Singapore Engineering Software (SES) has signed an agreement with Sensis to cooperate in the marketing, integration and support of the Sensis Multi-Static Dependent Surveillance (MDS) system in Asia-Pacific and the Middle East. The system is designed to increase the level of safety and efficiency in airports and air traffic management.

Under the agreement, SES will market and install the state-of-the-art Sensis MDS technology to aviation authorities in Asia and the Middle East. It will also be responsible for after-sales support.


The MDS system is designed to prevent accidents such as the crash of Singapore Airlines SQ006 which took off in bad weather from the wrong runway at Chiang Kai-shek Airport in Taiwan on 31 October 2000. The MDS system is capable of identifying exact aircraft location, and identifying the aircraft itself, in all weather conditions. Sensis is presenting the system to Taiwan authorities, rather than SES, because their discussions predate the newly-signed cooperation agreement.

SES has already presented the MDS system to authorities at Changi Airport in Singapore.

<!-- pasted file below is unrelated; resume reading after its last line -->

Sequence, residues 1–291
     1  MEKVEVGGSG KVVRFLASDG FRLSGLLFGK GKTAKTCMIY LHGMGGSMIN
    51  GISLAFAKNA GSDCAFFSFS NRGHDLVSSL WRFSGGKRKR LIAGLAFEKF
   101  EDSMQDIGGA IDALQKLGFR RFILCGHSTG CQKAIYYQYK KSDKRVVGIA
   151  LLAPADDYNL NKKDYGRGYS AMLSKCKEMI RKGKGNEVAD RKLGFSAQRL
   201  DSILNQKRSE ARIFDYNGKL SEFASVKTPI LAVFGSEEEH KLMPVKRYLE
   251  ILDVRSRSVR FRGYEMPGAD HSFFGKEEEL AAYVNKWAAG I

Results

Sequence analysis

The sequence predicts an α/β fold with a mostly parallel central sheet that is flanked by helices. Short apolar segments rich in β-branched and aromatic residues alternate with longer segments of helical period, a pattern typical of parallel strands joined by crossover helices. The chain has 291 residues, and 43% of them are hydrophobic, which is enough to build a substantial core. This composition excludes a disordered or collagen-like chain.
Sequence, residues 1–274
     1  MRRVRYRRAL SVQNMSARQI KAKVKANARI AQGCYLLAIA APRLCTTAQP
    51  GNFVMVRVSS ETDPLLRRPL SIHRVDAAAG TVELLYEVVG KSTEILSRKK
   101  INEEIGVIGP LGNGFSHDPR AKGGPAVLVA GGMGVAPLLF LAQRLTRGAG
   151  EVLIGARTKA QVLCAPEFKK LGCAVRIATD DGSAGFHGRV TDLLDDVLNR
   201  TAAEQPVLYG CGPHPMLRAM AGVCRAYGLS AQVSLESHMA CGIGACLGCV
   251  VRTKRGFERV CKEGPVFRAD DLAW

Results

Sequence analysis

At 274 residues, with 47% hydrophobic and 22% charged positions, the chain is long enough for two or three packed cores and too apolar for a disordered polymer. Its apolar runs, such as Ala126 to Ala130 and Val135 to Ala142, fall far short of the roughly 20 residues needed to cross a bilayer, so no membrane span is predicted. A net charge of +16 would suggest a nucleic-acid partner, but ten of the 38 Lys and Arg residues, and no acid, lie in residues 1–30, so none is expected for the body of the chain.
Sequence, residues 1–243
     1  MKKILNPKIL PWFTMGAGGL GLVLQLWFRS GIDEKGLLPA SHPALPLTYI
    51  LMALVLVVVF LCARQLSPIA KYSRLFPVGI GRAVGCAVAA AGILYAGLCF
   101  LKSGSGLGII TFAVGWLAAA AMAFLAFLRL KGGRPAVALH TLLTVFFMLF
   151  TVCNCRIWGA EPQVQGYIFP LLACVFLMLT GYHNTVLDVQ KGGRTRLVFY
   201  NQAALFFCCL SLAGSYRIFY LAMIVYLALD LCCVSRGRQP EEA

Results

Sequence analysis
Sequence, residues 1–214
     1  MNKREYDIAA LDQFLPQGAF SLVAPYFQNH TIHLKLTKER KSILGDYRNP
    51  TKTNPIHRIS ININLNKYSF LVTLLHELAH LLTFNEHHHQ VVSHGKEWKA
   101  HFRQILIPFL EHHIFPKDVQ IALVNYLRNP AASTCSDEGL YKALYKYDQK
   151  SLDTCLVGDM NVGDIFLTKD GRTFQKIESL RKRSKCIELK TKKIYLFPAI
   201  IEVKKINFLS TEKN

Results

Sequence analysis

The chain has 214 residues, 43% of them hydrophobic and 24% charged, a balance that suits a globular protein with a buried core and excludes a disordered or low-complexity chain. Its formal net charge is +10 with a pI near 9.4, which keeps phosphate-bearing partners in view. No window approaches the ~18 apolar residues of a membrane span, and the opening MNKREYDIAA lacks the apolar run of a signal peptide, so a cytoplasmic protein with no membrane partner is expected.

"Almost every airport in Asia is a potential customer," says Lee Kit Su, director of marketing, marketing division for SES. "It gives the air traffic controller a tool that overcomes the limitations of conventional products like primary radar."

The system costs from $1.5-$3 million, says Lee, depending on the airport, adding that it is lower than the price of primary radar, which can cost $5 million or more.

"In five to 10 years, every major international airport should have this system," says Lee, citing an ICAO recommendation that guided surface surveillance should be installed in all airports. That recommendation will soon adopted in Asia, Lee says, adding that the system has no real competition. "Other companies have products, but nobody has ever won a contract except Sensis."


MDS is a transponder-based system that uses multiple receivers to capture aircraft transponder pulses, and calculate its position and identification. The use of multiple receivers has proven to be a reliable and tested surveillance solution that is revolutionising aviation safety, says SES.

"Sensis is the market leader in this cutting-edge technology," says SES president Chang Yew Kong. "We are confident that with this partnership we will redefine the level of airport surveillance standards in Asia-Pacific and the Middle East. The MDS system will be beneficial to our customers.

Source: Flight Daily News